For the government and regulators, financial inclusion does not mean listening to consumers
Corporation Bank is an exception among Indian banks—public, private and foreign. Its outspoken officers’ association often acts as a whistleblower and has prevented more than one chairman from destroying the bank’s finances through bad lending. The February issue of its monthly journal, Officers’ Voice, published extremely forthright views on government and banking.
While welcoming the prime minister’s (PM’s) views expressed at the Gyan Sangam at Pune, the journal makes some telling points. The retreat was supposed to brainstorm on what ails the industry, but except for CMDs (chairman & managing directors) there were no representatives of other stakeholders, especially officers and employees who are the backbone of banks. “Does it mean that wisdom is the exclusive domain of only CMDs?” asks Officers’ Voice. The editorial points out that while the media and other stakeholders were kept away from the retreat, the ‘knowledge partner’ for the Gyan Sangam was global consulting firm McKinsey & Company. It raises a pertinent question of whether ‘videshi’ gyan is the answer to the swadeshi problem of making public sector banks more effective.
Commenting on several ‘controversial’ recommendations that emanated from the deliberations, the editorial says that the proposal to issue priority sector loan certificates (PSLs) seems to be aimed at allowing private and foreign banks to meet priority sector obligations by merely investing in PSLs while the “hard and strenuous work of priority sector lending has to be done only by PSBs.”
Another revelation is the annual loss figure of Rs1,485 crore for banks on account of the PM’s Jan Dhan Yojana. This is broken up as—Rs500 crore for issue of Rupay cards, Rs780 crore for payment to banking correspondents, Rs390 crore for cost of supervision, Rs175 crore for financial literacy and advertising.
Moneylife, as the voice of savers, believes that most of these observations apply to bank customers as well. Despite being the largest stakeholder in the banking system, their voice is most feeble is not heard by anybody in the banking system or the government. Neither the Reserve Bank of India (RBI) nor the Indian Banks Association (which at least two, very respected, former deputy governors of RBI call a ‘bankers’ cartel’) has any formal process of engaging or interacting with those who represent bank customers.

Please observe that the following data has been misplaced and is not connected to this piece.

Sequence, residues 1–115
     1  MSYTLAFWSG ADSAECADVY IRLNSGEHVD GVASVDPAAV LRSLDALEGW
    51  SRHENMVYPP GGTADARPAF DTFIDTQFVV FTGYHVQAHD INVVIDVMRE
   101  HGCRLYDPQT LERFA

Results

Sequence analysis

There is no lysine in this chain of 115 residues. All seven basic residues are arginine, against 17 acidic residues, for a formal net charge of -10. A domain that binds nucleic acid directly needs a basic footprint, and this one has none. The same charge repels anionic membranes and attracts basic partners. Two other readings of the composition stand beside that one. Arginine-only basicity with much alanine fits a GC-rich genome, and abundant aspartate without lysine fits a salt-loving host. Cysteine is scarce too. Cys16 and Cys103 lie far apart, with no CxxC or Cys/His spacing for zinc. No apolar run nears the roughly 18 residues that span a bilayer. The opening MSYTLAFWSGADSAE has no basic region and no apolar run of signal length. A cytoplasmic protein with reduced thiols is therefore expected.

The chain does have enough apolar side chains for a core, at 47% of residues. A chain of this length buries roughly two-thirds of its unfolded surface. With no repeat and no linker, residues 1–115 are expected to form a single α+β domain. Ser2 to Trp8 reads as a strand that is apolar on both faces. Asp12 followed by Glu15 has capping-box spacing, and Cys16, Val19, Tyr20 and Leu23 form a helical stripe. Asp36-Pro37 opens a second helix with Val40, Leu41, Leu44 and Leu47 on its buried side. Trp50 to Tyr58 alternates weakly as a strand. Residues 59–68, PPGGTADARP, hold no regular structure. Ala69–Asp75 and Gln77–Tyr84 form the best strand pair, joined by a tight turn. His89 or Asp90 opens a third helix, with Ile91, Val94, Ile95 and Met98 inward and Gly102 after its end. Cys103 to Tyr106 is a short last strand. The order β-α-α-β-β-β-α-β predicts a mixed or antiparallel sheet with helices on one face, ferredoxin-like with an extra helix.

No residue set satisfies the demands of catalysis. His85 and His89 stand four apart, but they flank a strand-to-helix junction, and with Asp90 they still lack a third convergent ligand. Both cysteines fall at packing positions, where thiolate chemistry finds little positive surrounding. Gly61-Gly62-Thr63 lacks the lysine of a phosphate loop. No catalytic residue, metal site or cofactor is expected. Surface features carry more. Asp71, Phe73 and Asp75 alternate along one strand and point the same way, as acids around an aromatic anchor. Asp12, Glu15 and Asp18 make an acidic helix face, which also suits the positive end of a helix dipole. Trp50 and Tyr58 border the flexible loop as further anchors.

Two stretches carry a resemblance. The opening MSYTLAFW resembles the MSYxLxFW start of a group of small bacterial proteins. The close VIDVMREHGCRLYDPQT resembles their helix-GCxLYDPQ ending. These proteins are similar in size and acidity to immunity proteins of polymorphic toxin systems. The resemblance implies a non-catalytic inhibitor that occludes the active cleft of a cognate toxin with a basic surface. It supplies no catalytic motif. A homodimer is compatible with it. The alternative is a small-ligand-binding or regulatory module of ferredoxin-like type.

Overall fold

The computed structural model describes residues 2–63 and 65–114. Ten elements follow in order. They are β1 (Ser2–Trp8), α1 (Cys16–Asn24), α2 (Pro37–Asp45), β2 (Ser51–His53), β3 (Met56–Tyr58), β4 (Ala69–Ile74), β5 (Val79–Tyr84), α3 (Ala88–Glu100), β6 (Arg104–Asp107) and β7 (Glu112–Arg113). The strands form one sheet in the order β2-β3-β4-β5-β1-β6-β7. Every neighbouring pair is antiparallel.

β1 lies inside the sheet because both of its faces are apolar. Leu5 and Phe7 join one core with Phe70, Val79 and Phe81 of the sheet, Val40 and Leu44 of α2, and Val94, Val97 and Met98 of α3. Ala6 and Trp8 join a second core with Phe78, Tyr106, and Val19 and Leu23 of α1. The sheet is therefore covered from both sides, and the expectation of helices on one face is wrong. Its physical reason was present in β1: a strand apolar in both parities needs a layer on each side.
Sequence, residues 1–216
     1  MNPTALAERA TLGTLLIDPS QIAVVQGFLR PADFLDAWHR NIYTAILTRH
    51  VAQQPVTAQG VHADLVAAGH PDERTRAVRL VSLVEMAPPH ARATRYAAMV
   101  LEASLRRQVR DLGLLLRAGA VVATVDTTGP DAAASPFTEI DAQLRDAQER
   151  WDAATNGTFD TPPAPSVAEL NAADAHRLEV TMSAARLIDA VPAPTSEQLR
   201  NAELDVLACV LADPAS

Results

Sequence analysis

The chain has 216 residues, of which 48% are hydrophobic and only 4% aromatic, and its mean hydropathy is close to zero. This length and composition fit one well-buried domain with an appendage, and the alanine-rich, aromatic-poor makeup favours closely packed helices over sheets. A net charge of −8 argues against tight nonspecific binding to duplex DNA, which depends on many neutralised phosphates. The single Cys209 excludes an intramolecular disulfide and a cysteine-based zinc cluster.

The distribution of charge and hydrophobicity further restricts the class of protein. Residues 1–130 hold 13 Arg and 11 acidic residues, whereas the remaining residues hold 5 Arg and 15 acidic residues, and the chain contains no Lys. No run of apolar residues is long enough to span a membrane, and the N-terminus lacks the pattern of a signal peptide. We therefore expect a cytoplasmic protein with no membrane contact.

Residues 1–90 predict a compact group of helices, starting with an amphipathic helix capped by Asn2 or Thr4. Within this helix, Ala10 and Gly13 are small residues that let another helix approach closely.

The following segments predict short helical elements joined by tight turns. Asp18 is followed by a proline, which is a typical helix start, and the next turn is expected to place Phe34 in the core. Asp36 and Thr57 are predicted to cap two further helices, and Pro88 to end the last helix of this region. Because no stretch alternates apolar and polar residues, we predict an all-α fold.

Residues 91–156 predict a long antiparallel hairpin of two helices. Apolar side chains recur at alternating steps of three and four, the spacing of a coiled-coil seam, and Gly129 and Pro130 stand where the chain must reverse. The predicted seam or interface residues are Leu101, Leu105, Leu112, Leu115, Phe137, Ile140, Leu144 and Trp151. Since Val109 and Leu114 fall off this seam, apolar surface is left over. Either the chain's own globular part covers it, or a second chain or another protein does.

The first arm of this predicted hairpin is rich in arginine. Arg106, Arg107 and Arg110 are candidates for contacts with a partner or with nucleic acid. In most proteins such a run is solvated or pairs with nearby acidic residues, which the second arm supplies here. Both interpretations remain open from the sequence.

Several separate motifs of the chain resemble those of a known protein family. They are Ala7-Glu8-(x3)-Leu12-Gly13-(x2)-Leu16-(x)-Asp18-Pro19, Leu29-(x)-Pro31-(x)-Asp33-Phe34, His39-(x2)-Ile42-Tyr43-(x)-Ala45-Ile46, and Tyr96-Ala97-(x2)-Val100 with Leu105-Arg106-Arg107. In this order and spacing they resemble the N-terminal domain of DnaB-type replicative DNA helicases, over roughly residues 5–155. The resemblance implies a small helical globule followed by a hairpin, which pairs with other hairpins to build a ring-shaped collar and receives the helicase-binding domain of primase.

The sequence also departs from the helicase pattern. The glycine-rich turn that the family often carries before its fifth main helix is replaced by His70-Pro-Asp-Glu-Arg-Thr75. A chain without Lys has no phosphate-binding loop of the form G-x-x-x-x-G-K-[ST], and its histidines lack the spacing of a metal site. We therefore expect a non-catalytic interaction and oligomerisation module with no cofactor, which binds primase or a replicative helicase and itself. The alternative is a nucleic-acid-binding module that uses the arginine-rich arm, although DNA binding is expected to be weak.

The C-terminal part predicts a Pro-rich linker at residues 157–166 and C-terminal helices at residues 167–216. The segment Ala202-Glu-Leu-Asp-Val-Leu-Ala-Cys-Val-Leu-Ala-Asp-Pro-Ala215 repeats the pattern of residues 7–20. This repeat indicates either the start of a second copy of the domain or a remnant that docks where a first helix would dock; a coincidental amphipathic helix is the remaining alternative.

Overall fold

If leveraging technology to improve banking efficiency were a key theme of the Gyan Sangam, then ensuring that customers use it safely and have access to a proper grievance redress mechanism would be a natural corollary. But there was no discussion about this issue at all.
Similarly, neither banks nor the regulators care about the bugs or design flaws in the use of banking technology that cause hardship to consumers. Moneylife Foundation has long been lobbying RBI over niggling issues with NEFT transactions. But, despite a personal meeting, written submission to the top brass at RBI and persistent follow up, we have no feedback on whether consumers’ concerns are likely to be addressed at all. The unfair harassment and extortion of those in financial distress by recovery agencies also falls on deaf years.
Many recent developments, including BJP’s shock defeat in Delhi, the withdrawal of ordinances issued by the government, and the controversy over the Land Acquisition Bill, have one thing in common—a sense that the government needs to communicate more effectively with various stakeholders. It is Narendra Modi’s impressive ability to communicate with one and all that swept him to power. The prime minister must ensure he does not lose that advantage, by setting up a formal system of communication with all stakeholders and ensuring that by every regulator and ministry in his government follows it.